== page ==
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Chief Pete Arredondo told the Uvalde Leader-News on Friday that he has decided to step down for the good of the city administration. He was elected to the District 3 council position on May 7 and was sworn in—in a closed-door ceremony—on May 31, just a week after the massacre.
“After much consideration, I regret to inform those who voted for me that I have decided to step down as a member of the city council for District 3. The mayor, the city council, and the city staff must continue to move forward without distractions. I feel this is the best decision for Uvalde,” Arredondo said.
Arredondo, who has been on administrative leave from his school district position since June 22, has declined repeated requests for comment from The Associated Press. His attorney, George Hyde, did not immediately respond to emailed requests for comment Saturday.
On June 21, the City Council voted unanimously to deny Arredondo a leave of absence from appearing at public meetings. Relatives of the shooting victims had pleaded with city leaders to fire him.
Representatives of the Uvalde mayor, Don McLaughlin, have not responded to requests for comment Saturday.
Col. Steven McCraw, director of the Texas Department of Public Safety, told a state Senate hearing last month that Arredondo—the on-site commander—made “terrible decisions” as the massacre unfolded on May 24 , and that the police response was an “abject failure.”
Three minutes after 18-year-old Salvador Ramos entered the school, sufficient armed law enforcement were on scene to stop the gunman, McCraw testified. Yet police officers armed with rifles stood and waited in a school hallway for more than an hour while the gunman carried out the massacre. The classroom door could not be locked from the inside, but there is no indication officers tried to open the door while the gunman was inside, McCraw said.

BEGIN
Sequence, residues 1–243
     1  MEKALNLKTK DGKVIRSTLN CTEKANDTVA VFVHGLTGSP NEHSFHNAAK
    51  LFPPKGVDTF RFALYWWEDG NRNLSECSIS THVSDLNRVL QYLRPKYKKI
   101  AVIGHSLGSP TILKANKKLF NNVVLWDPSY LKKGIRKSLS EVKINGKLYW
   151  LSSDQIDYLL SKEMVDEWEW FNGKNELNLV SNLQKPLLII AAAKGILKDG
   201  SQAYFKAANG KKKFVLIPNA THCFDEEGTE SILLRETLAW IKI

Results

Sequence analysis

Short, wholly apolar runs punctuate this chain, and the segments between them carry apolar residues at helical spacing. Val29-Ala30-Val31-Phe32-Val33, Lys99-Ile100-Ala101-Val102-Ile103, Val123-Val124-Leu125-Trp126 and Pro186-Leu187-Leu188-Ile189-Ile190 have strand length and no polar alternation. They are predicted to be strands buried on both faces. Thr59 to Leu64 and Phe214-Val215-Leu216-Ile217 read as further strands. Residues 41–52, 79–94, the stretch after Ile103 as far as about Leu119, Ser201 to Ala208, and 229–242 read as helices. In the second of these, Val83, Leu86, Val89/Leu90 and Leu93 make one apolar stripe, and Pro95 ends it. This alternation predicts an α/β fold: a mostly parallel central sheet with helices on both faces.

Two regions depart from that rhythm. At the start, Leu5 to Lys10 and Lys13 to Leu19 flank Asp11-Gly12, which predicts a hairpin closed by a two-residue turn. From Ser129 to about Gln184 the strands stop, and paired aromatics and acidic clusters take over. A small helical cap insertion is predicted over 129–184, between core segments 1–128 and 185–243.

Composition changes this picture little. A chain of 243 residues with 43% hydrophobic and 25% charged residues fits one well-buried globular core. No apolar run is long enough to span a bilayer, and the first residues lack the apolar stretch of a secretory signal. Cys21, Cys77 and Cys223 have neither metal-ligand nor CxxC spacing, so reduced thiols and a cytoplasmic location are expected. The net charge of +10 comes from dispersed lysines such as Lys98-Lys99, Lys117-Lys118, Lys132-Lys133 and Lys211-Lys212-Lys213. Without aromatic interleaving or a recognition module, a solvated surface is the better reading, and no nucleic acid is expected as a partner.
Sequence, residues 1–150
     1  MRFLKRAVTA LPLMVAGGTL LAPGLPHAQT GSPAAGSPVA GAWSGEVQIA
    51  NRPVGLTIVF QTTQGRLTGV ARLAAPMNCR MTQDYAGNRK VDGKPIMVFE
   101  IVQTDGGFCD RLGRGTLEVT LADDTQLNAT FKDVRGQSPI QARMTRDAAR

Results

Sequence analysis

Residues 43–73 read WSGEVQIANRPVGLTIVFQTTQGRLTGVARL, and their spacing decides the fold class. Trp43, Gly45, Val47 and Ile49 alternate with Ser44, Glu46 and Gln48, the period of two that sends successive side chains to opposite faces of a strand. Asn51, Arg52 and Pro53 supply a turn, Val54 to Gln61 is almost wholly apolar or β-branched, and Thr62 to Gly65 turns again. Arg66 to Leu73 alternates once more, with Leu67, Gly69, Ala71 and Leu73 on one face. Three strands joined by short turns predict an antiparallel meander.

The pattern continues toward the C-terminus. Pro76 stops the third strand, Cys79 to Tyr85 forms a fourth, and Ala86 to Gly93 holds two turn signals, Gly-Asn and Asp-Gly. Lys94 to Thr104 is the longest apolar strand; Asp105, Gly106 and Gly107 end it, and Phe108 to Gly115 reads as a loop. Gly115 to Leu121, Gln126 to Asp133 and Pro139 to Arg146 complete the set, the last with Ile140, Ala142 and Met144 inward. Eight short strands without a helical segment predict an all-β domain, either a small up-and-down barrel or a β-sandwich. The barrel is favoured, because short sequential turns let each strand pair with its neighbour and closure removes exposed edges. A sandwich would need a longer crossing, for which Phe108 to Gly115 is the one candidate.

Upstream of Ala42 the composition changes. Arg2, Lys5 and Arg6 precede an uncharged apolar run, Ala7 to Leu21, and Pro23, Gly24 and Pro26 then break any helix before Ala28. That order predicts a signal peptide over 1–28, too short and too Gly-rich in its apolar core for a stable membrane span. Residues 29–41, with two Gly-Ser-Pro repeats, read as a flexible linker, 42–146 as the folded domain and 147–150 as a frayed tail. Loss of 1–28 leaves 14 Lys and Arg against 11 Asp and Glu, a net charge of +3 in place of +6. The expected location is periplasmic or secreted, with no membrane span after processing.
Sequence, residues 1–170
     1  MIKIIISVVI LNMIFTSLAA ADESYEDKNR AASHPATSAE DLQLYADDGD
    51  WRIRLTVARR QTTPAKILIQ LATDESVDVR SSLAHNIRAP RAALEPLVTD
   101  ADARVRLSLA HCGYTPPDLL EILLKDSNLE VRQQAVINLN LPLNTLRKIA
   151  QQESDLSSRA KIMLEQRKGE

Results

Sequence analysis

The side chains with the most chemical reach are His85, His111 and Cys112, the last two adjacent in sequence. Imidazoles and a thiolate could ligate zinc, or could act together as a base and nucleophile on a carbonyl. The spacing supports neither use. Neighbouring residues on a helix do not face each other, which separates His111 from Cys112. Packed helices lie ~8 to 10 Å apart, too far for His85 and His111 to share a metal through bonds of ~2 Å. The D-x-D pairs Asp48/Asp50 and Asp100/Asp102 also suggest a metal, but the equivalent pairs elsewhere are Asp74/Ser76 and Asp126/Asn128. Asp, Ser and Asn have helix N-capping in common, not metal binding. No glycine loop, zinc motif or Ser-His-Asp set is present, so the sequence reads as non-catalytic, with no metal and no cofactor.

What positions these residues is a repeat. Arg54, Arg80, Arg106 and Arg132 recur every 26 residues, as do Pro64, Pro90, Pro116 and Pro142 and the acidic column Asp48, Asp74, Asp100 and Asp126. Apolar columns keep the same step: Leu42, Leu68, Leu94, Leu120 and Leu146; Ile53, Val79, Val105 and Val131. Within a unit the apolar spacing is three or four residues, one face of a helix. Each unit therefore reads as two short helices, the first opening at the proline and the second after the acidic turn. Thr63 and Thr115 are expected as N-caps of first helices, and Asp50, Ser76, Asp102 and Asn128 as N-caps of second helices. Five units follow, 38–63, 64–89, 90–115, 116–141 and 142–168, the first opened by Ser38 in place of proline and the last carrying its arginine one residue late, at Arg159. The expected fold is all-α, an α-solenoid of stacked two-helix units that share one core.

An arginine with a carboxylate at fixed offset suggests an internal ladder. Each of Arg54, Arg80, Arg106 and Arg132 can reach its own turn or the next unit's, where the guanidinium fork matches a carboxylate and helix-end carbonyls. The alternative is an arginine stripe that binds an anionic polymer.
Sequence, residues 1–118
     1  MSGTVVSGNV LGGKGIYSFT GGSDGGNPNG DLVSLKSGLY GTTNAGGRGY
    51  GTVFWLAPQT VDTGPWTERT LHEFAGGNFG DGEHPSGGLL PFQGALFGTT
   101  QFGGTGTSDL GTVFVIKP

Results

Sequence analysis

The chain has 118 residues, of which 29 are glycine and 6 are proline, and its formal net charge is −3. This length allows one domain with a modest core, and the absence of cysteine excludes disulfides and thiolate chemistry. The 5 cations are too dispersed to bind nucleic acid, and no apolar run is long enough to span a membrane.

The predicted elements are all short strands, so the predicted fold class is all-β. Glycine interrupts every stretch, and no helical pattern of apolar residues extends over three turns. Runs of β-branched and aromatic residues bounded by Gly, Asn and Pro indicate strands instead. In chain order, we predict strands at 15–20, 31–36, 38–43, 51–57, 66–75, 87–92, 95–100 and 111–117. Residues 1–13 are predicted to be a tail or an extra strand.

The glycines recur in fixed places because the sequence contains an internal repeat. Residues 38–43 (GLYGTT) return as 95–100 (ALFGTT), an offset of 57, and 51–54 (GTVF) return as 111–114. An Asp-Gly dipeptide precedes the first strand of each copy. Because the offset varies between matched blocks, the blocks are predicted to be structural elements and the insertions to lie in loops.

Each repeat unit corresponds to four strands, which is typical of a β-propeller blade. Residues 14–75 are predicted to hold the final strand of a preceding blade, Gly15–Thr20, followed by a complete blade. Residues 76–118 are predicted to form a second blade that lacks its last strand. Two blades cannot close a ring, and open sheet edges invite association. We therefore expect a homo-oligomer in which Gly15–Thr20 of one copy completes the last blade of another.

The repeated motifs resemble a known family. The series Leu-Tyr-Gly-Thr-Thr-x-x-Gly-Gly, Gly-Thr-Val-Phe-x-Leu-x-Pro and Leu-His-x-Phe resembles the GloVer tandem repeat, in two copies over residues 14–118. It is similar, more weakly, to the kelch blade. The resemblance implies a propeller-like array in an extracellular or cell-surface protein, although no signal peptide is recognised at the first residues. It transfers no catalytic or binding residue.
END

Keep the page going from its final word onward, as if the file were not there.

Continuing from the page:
McCraw has said parents begged police outside the school to move in and students inside the classroom repeatedly pleaded with 911 operators for help while more than a dozen officers waited in a hallway. Officers from other agencies urged Arredondo to let them move in because children were in danger.
“The only thing stopping a hallway of dedicated officers from entering room 111 and 112 was the on-scene commander who decided to place the lives of officers before the lives of children,” McCraw said.
Arredondo has tried to defend his actions, telling the Texas Tribune that he didn’t consider himself the commander in charge of operations and that he assumed someone else had taken control of the law enforcement response. He said he didn’t have his police and campus radios but that he used his cellphone to call for tactical gear, a sniper, and the classroom keys.
It’s still not clear why it took so long for police to enter the classroom, how they communicated with each other during the attack, and what their body cameras show.
Officials have declined to release more details, citing the investigation.
Arredondo, 50, grew up in Uvalde and spent much of his nearly 30-year career in law enforcement in the city.
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